I was racing around, grousing about my lengthy to-do list, grumbling that I had too much to get done in the little time I had allotted. I was feeling overwhelmed. My husband is handy and helpful. But on this occasion, he simply sat in his chair, watching me run from one task to the next, listening to me complain.
Suddenly, he asked me in a quiet voice why I was putting myself through such angst, especially when I had intentionally divested myself of many of my previous commitments and obligations so that I could have more time to simply be and enjoy life.
His question stopped me cold. Why was I putting myself through such torment over such small and insignificant concerns? How had having just a few responsibilities tilted to having too many? Why did I expect so much of myself? Why did I allow for my to-do list to get so long? What impossible perfection was I seeking?
As I replayed my husband's question over in my mind, I realized that I had been piling an unrealistic number of tasks onto each of my days, hurrying from one task to the next to the next without enjoying any single one of them, without giving any particular attention to anything.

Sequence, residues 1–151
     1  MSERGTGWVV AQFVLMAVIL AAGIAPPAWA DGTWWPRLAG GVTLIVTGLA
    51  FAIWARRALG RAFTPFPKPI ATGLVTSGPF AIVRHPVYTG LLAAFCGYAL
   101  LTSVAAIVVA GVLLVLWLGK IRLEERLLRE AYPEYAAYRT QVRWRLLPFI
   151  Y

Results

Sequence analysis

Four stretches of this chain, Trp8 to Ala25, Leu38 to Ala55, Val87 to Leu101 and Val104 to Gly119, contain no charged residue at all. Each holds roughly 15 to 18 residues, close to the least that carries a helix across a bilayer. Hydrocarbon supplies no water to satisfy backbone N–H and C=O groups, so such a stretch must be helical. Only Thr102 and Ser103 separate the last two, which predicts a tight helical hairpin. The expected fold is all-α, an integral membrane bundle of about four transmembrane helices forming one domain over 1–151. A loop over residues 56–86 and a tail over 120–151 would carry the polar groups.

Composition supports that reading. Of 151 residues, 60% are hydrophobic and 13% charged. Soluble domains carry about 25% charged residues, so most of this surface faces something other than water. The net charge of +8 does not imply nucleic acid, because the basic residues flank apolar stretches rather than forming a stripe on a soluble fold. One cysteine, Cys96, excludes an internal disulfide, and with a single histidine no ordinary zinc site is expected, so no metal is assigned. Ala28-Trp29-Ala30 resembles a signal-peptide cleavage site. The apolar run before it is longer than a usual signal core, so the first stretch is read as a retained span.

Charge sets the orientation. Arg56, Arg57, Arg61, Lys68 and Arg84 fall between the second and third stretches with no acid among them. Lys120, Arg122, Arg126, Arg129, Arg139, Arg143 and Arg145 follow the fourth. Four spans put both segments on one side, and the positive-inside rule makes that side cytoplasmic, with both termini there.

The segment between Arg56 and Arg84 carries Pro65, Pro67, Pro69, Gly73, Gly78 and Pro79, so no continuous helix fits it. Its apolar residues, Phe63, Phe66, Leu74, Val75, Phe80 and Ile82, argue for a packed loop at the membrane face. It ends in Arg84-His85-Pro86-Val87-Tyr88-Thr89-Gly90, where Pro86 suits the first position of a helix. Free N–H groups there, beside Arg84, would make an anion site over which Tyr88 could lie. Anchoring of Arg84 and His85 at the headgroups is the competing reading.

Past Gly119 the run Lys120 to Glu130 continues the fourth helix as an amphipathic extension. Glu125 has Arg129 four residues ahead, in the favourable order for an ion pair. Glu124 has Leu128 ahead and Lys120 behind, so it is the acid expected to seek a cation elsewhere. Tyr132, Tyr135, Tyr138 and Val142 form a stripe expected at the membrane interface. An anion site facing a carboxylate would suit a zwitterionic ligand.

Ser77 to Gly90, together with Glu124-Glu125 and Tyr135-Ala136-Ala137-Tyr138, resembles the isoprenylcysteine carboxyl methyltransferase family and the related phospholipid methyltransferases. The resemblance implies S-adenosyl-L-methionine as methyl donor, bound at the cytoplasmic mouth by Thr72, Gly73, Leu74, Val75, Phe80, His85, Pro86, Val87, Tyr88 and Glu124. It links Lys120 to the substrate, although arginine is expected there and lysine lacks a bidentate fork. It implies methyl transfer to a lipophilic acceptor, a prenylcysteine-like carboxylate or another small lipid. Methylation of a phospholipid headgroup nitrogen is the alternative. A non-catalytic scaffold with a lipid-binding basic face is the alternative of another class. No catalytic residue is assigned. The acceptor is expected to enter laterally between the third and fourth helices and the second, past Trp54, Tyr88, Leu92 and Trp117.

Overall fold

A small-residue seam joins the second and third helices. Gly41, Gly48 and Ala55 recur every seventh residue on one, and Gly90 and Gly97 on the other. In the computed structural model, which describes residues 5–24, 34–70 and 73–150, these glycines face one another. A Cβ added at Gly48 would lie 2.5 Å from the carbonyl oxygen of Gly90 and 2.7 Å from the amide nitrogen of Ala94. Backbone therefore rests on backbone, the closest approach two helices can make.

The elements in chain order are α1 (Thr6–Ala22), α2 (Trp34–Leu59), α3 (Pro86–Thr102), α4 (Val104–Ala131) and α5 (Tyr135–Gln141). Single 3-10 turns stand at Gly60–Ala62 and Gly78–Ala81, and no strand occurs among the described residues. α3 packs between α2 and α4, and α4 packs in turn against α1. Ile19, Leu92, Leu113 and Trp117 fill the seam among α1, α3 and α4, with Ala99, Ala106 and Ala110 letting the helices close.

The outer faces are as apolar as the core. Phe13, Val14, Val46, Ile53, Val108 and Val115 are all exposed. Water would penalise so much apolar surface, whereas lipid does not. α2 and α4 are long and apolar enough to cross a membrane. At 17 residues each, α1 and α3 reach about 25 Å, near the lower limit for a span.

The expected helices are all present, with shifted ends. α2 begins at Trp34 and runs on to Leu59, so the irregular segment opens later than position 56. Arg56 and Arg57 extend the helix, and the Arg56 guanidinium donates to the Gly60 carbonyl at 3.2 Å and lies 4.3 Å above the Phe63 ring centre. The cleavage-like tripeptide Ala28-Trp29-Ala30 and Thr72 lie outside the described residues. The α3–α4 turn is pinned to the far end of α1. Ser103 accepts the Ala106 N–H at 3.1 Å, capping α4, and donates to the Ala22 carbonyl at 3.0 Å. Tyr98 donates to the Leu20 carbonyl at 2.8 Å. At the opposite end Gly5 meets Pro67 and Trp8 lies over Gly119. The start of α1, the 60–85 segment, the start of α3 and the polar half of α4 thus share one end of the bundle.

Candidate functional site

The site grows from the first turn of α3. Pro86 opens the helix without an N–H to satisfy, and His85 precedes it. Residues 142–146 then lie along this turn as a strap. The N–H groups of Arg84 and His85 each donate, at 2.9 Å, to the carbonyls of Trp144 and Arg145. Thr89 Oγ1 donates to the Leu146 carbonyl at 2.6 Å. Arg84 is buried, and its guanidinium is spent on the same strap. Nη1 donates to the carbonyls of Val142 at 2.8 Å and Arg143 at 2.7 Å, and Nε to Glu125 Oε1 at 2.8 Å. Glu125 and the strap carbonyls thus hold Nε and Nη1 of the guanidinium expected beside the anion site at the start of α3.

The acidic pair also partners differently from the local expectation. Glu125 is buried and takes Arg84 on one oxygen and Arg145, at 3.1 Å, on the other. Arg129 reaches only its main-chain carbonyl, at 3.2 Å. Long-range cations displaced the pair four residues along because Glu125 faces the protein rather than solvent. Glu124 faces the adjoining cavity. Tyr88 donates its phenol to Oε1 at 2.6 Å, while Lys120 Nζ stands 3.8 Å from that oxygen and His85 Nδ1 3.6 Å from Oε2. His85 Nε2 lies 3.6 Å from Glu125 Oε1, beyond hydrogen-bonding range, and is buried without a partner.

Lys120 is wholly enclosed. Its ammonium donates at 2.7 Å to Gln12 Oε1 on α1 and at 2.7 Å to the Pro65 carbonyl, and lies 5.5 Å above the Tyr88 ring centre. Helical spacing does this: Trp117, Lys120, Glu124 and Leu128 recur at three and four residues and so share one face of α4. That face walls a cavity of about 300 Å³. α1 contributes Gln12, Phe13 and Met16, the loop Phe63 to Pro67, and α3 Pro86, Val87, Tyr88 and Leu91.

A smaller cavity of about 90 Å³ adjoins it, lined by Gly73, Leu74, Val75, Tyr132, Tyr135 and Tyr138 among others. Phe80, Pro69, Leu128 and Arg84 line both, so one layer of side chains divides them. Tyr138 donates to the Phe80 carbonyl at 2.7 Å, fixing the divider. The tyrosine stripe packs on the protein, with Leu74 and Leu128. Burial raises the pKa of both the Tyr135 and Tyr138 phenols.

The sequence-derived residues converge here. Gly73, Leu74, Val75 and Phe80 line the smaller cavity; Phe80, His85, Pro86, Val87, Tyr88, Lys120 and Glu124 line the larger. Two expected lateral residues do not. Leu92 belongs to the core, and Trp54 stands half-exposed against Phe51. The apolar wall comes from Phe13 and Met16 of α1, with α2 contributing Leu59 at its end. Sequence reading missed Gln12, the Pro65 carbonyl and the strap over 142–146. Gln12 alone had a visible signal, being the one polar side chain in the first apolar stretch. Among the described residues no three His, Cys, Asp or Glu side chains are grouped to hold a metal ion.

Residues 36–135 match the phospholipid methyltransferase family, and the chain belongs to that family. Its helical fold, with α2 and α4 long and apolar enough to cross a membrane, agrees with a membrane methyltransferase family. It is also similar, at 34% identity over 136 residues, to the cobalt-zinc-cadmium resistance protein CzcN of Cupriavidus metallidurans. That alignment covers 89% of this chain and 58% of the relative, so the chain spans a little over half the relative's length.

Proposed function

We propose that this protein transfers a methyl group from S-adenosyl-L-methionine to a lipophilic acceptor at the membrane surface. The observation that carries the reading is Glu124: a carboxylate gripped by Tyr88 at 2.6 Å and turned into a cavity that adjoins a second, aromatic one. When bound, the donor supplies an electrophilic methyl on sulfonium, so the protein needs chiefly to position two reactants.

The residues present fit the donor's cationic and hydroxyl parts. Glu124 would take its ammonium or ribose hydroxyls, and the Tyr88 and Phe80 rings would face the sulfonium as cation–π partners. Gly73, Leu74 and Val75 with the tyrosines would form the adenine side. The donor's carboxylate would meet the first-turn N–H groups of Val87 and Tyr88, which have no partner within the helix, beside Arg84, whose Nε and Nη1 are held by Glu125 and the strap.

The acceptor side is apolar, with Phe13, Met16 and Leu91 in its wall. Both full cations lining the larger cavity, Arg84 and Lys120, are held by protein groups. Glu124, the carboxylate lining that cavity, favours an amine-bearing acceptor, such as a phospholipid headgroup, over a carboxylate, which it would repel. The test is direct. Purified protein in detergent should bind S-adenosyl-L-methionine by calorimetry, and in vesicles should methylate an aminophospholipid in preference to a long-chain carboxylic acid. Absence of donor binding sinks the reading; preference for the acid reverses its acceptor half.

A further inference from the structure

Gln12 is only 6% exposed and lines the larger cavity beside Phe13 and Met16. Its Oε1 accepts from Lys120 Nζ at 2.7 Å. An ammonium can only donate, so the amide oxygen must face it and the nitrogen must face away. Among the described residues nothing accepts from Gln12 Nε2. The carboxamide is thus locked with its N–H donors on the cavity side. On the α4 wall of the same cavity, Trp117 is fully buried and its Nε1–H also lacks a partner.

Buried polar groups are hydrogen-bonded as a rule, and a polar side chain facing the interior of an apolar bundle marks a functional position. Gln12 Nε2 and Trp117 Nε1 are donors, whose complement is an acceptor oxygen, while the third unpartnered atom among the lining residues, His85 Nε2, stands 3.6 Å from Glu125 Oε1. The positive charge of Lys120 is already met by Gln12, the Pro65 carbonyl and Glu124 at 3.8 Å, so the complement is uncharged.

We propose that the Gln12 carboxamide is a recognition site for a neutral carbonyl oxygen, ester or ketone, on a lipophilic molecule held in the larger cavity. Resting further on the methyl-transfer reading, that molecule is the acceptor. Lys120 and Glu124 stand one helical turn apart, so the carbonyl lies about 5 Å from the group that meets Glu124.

I looked at my to-do list, crossed off some items that just didn't need to be done period, moved others to future days that didn't have anything listed so far, delegated where appropriate and let go of fruitless expectations.
I started focusing on having no more than five things on my daily to-do list. I prioritized them. Consequently, I made my anxiety-inducing calendar more manageable.
Instead of succumbing to the din of busyness, I became more quiet, centered and mindful of what I realistically felt I could get done in my day.
The weeks between Thanksgiving and the end of the year can be hectic. Are you feeling overwhelmed these days? How might you reduce those feelings?
Our days are meant to be enjoyed. Take a deep breath of peace, set realistic expectations for yourself and feel the joy of the season.